BLACKFEET INDIAN RESERVATION -- The wind barreling across Montana died down just in time for a morning hike up Mount Baldy.
That was a relief for leaders of the Blackfeet Nation and local environmentalists, who organized this group outing to showcase the grandeur of the Badger-Two Medicine, a wedge of Forest Service land the tribe has cherished for ages.
Dozens of tribal members, students, neighbors and activists showed up for the hike, eager for Baldy's panoramic view of Blackfeet Country, Lewis and Clark National Forest, and Glacier National Park. The summit delivered a dazzling show of evergreen river valleys, wildflowers and a horizon dotted with snow-capped peaks.
But the scenic view belies the area's fraught narrative -- one of controversial treaties, alleged land grabs and now a showdown in federal court.
Oil is at the center of today's battle. The Badger-Two Medicine region was heavily leased 30 years ago, drawing outcry from environmental groups opposed to drilling on the doorstep of a "crown jewel" national park and tribal leaders worried about sullying sacred homelands.
"It's more to us than just a piece of land or scenery," Blackfeet Tribal Business Councilman Joe McKay said during an interview at tribal headquarters in Browning last month. "It's about who we are. It's about our connection with that land since the beginning of time."
The Blackfeet believe their people have lived in the area forever. The Badger-Two Medicine holds the headwaters of Badger Creek and the South Fork of the Two Medicine River and is central to the tribe's creation story. Blackfeet members hunt, fish and hike there, and use the area for ceremonies, vision quests and solitude. In a conversation shifting seamlessly between legalese and Blackfeet spirituality, McKay, an attorney, explained that the mountains hold "the spirt of our land and the spirits of our people that occupy the land."
That significance was forgotten when the area was first leased, drilling opponents say. In a rush to produce domestic oil and gas in the early 1980s, they argue, government officials failed to consult with the Blackfeet Nation or fully consider the impacts to the mostly untrammeled area. Development would mean well pads, roads, bridges and traffic.
After years of protests, failed negotiations and a lawsuit, the opponents this year notched a huge victory: Interior Secretary Sally Jewell announced that the most contentious oil and gas lease was canceled, setting the stage for permanent protection of the Badger-Two Medicine.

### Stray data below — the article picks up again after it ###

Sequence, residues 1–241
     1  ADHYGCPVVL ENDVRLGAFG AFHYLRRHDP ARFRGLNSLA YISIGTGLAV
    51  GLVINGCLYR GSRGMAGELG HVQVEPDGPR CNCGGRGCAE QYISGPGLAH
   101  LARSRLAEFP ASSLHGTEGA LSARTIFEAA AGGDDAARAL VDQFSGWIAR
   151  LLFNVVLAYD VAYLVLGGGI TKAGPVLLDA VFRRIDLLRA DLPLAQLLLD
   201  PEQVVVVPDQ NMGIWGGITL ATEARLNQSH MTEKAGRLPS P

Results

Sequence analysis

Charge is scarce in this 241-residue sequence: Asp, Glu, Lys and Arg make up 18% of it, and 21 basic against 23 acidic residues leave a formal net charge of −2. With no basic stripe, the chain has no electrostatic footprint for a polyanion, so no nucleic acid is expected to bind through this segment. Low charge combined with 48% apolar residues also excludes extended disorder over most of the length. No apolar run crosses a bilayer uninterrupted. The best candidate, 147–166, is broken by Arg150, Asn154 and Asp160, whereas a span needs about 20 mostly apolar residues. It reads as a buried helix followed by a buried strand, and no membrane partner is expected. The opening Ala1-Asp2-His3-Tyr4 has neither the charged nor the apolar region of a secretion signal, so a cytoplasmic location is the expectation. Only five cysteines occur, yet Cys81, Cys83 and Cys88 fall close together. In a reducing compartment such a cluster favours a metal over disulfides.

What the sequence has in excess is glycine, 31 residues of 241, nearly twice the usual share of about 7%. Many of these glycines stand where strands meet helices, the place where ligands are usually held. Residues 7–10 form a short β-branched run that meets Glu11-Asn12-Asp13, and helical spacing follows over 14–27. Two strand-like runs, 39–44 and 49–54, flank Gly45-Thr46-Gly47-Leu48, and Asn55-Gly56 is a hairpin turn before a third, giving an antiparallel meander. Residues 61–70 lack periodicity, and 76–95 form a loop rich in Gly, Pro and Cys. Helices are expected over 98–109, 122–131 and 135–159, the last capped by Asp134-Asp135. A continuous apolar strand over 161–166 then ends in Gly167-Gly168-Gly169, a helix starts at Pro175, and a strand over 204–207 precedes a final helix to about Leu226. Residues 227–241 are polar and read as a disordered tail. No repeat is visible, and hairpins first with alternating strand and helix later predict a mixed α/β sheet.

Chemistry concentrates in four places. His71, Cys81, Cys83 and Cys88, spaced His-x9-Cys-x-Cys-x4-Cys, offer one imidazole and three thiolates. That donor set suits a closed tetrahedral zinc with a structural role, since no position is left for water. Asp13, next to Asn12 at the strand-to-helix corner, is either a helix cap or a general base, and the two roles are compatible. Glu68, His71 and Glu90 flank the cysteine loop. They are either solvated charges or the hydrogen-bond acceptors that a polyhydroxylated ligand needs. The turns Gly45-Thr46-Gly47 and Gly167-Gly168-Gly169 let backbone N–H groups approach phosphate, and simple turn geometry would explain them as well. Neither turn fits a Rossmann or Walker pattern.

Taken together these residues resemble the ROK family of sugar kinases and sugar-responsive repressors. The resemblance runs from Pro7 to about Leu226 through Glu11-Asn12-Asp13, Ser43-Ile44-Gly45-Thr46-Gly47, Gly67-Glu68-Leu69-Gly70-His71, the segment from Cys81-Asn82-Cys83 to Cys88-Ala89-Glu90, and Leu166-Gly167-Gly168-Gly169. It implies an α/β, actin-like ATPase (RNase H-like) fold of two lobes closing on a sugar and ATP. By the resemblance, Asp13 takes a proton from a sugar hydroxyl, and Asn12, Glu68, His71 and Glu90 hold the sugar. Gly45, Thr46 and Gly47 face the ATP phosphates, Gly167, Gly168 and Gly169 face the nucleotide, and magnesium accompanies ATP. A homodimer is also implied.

A decadeslong battle doesn't end that easily, though.
"Many people thought cancellation was end of story," McKay said. "I watched the disappointment on their faces when I said, 'This is not the end, folks. This is not the end.' They're going to go back into court, and this might not end in my lifetime."
Sure enough, driller Solenex LLC has vowed to forge ahead in defending its right to drill by challenging Jewell's decision. Environmentalists and tribal advocates aren't backing down, either, and the skirmish is set to continue in federal court in Washington, D.C., this year.
'Now my head is cut off'
The first round of legal wrangling at the U.S. District Court for the District of Columbia was most memorable for the court's harsh rebuke to government officials last summer for dragging their feet on a final decision, creating an "epic" delay that left Solenex's financial interests hanging in the balance (EnergyWire, July 28, 2015).
That term "epic" drew a tired laugh from many members of the Blackfeet tribe, who say the driller's plight doesn't begin to approach epic proportions. According to Blackfeet leaders, the tribe's own struggle for the Badger-Two Medicine has been playing out since "the beginning of time."
Or, fast-forwarding a bit, at least since 1895.
That's when the tribe gave up control of most of its mountainous terrain. In an infamous treaty whose meaning is still debated today, the Blackfeet accepted $1.5 million in subsistence payments for its mountain front, where the U.S. government set its sights on gold, silver and copper.
The 1895 tribal leaders reportedly made the deal to spare the remaining Blackfeet land from being broken up into allotments, but according to transcripts of the treaty proceedings, they were distraught about losing the Badger-Two Medicine and Chief Mountain, a prominent and sacred place whose summit is now in the national park.
"Chief Mountain is my head. Now my head is cut off," Chief White Calf said at the time. "The mountains have been my last refuge."
The dramatic result of the land deal is evident from above. On an aerial tour with the nonprofit EcoFlight, the alpine lakes, ridges and mountaintops of Glacier and the Badger-Two Medicine seem endless. The Blackfeet Reservation, on the other hand, is all sleepy plains and prairie potholes.
"We'll always have a little bit of defiance in our blood from having a land base and a nation that was the biggest in America," said Tyson Running Wolf, secretary of the business council. "It really hurts, and we've never been totally compensated fully for what we lost, including Glacier Park and the Badger-Two Medicine."
Today, that stretch of land along the east side of Glacier National Park and the Badger-Two Medicine is known as the "ceded strip," and the tribe's rights in the area are constantly debated. Brian Howard, legislative associate for the National Congress of American Indians, said that type of conflict is the unfortunate norm in Indian Country, thanks to years of shrinking tribal territory.